The Office of Management and Budget (“OMB”) released its draft Federal Zero Trust Strategy under President Biden’s Executive Order on Improving the Nation’s Cybersecurity (No. 14028) (discussed previously here and here) and is seeking comments on the draft by September 21, 2021. Relatedly, the Cybersecurity and Infrastructure Security Agency (“CISA”) is seeking comments on its recently released Zero Trust Maturity Model and Cloud Security Technical Reference Architecture (“TRA”), both aimed at moving the United States government toward a zero trust architecture. The public comment period for CISA’s materials currently is open and scheduled to conclude on October 1, 2021. Below we discuss key provisions of each, reminding contractors to stay vigilant of the ever-evolving cybersecurity regulations in the U.S.

OMB’s Federal Zero Trust Strategy

Citing the Executive Order, OMB calls for “a major paradigm shift” in the Federal government’s approach to cybersecurity and requires that agencies meet specific goals for zero trust by the end of Fiscal Year 2024. These goals are to be based on pillars in CISA’s Zero Trust Maturity Model (described below), which include more robust multi-factor authentication, better management of devices, and taking advantage of cloud-based security services. Agencies must designate a “zero trust architecture implementation lead” and submit to OMB implementation plans in accordance with the OMB memorandum.

Comments on this publication are due by September 21, 2021, and information on submitting comments can be found here.

CISA’s Zero Trust Maturity Model

CISA’s Zero Trust Maturity Model, released per section 3(b)(ii) of the Executive Order, is meant to assist agencies in the development of zero trust strategies and implementation plans. For those not immersed in cybersecurity developments, “zero trust” is a security principle dictating that agencies and organizations should not trust anyone or anything outside or inside of their networks and systems, and should implement security measures to verify any system access.

The CISA Zero Trust Maturity Model is comprised of five pillars (Identity, Device, Network/Environment, Application Workload, and Data) and three cross-cutting capabilities (Visibility and Analytics, Automation and Orchestration, and Governance), based upon the foundations of zero trust. This guidance further provides examples of a traditional, advanced, and optimal zero trust architecture to identify an agency’s maturity for each zero trust technology pillar.

Though the goal of the Maturity Model is to provide agencies with a roadmap and resources to achieve an optimal zero trust environment, CISA is seeking feedback from agencies, industry, and academia focused on the following key questions:

  • Has this document been helpful to your agency as you prepared your Cyber Executive Order zero trust implementation plan? If not, what guidance could be added?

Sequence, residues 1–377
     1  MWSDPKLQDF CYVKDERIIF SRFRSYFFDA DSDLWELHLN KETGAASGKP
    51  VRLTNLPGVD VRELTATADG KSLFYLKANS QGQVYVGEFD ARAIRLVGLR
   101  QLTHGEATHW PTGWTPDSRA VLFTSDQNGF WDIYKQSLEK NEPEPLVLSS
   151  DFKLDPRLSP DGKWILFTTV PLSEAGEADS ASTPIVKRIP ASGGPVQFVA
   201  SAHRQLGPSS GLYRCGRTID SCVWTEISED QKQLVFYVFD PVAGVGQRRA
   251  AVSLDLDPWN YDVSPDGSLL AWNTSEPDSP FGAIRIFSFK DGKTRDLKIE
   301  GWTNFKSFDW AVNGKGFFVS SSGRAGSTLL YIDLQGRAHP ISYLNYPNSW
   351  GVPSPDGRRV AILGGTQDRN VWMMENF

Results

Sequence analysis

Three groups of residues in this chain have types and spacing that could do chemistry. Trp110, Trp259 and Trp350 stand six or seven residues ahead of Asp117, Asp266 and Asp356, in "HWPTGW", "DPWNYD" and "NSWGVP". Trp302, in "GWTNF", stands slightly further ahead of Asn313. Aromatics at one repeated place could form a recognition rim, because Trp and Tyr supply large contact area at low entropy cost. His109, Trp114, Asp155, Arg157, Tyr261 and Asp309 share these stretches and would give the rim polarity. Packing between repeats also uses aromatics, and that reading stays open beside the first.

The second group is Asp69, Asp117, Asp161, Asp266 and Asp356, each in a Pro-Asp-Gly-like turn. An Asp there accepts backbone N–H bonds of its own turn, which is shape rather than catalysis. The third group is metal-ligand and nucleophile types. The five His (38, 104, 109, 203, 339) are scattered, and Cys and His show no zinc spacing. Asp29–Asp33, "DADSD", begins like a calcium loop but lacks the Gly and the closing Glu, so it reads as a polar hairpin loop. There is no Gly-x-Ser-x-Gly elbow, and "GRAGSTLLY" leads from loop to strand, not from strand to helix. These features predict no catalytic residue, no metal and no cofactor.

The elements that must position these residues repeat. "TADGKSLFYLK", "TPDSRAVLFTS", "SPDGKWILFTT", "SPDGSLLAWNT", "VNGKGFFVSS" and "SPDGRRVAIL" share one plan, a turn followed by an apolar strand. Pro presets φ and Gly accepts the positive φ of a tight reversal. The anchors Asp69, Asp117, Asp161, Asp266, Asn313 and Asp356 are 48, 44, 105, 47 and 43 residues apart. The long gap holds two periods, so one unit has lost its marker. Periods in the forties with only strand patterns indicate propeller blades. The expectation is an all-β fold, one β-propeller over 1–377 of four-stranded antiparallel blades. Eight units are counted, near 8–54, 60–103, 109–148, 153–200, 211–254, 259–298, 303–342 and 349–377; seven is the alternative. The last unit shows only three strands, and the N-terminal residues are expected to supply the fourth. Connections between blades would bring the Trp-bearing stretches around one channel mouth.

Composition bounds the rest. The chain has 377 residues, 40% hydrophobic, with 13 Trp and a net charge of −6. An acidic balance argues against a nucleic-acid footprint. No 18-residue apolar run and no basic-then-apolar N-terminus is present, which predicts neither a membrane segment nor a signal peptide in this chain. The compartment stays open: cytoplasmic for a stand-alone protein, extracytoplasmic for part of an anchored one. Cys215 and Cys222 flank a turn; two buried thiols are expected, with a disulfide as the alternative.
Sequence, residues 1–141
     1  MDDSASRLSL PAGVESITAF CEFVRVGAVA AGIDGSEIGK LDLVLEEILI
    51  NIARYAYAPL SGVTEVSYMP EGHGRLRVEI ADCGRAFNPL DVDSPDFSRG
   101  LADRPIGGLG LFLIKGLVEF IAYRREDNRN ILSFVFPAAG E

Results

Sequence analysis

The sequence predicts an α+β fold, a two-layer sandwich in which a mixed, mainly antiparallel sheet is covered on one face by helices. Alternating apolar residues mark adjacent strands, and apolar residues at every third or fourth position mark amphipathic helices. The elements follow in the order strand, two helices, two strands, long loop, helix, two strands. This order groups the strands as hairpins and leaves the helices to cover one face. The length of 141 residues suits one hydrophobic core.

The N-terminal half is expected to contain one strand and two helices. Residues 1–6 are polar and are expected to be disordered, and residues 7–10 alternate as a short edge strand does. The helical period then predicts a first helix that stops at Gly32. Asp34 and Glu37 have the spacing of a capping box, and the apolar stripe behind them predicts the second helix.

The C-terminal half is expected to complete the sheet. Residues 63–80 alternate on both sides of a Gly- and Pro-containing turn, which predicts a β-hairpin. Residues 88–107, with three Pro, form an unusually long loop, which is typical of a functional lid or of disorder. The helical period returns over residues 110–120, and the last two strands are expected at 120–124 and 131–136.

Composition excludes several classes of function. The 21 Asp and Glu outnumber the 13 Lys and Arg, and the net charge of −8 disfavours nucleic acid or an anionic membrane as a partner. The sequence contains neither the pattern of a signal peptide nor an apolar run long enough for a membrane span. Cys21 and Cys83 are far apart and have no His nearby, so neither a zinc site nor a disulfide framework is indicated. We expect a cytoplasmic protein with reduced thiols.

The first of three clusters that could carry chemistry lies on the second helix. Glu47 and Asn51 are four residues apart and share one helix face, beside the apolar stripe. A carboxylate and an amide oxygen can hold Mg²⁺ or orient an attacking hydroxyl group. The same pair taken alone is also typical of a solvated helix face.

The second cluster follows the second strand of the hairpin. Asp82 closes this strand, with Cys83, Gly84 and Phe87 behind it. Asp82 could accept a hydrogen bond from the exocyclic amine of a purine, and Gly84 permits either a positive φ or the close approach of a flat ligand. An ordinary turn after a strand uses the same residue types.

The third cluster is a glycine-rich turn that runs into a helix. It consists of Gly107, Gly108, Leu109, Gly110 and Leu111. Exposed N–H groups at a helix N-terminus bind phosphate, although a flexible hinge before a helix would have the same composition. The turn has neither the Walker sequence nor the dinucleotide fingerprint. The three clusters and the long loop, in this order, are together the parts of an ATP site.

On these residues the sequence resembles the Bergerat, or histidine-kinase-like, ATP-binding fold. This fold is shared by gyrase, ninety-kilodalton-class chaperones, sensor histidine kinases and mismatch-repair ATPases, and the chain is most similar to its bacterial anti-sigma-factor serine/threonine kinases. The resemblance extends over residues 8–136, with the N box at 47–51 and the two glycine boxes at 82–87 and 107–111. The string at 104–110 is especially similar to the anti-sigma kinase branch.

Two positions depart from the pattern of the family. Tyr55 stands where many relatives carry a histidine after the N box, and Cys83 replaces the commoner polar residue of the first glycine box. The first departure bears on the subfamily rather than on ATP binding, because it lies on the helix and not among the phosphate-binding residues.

• Does your agency have suggestions on how better to delineate the 5 pillars from the 3 crosscutting capabilities – Visibility and Analytics, Automation and Orchestration, and Governance?
  • Which pillars do you think are the best defined and which pillars need help?
  • How could the Zero Trust Maturity Model better support your agency’s Cyber Executive Order zero trust implementation plan?

Comments on CISA’s Zero Trust Maturity Model document are due October 1, 2021, and information on submitting comments can be found here.

CISA’s Cloud Security TRA

CISA developed the Cloud Security TRA in accordance with Section 3(c)(ii) of the Executive Order through a multi-agency effort with the United States Digital Service and the Federal Risk and Authorization Management Program (“FedRAMP”). The TRA provides guidance for agencies to apply when adopting cloud technology and migrating to the cloud securely. This technical guidance aims to allow the Federal Government to identify, detect, protect, respond, and recover from cyber incidents, while improving cybersecurity as a whole.

Comments on the TRA may be submitted by agencies, industry, and academia. CISA seeks feedback on the following key questions:

  • Overall
    • The document strikes a balance between governance, operations, and security. Are there critical areas that should be expanded?
  • Section 3: Shared Services
    • Does the updated Authorization Boundary definition meet your organization’s needs?
  • Section 4: Cloud Migration
    • What additional scenarios could be incorporated?
  • Section 5: Cloud Security Posture Management
    • Does the definition of Cloud Security Posture Management in Section 5.1 align with and support your needs?
    • Section 5.2 outlines seven outcomes. Are there other outcomes to be considered?
    • Are the other capabilities of CSPM that should be highlighted in section 5.3?

The comment period for the Cloud Security TRA closes on October 1, 2021, and information on submitting comments can be found here.

Conclusion

While the OMB and CISA publications are aimed at agencies and focus on strategies for the Federal Government, the principles and concepts included in the materials eventually may be rolled out to contractors and represent currently accepted best practices. Contractors should pay close attention both to these and other materials released under the Cybersecurity Executive Order (under which we will see a variety of new proposed Federal Acquisition Regulation (FAR) rules in the coming weeks). The comment periods here provide a key opportunity for the private sector to shape Federal Government policy and requirements in the cybersecurity space.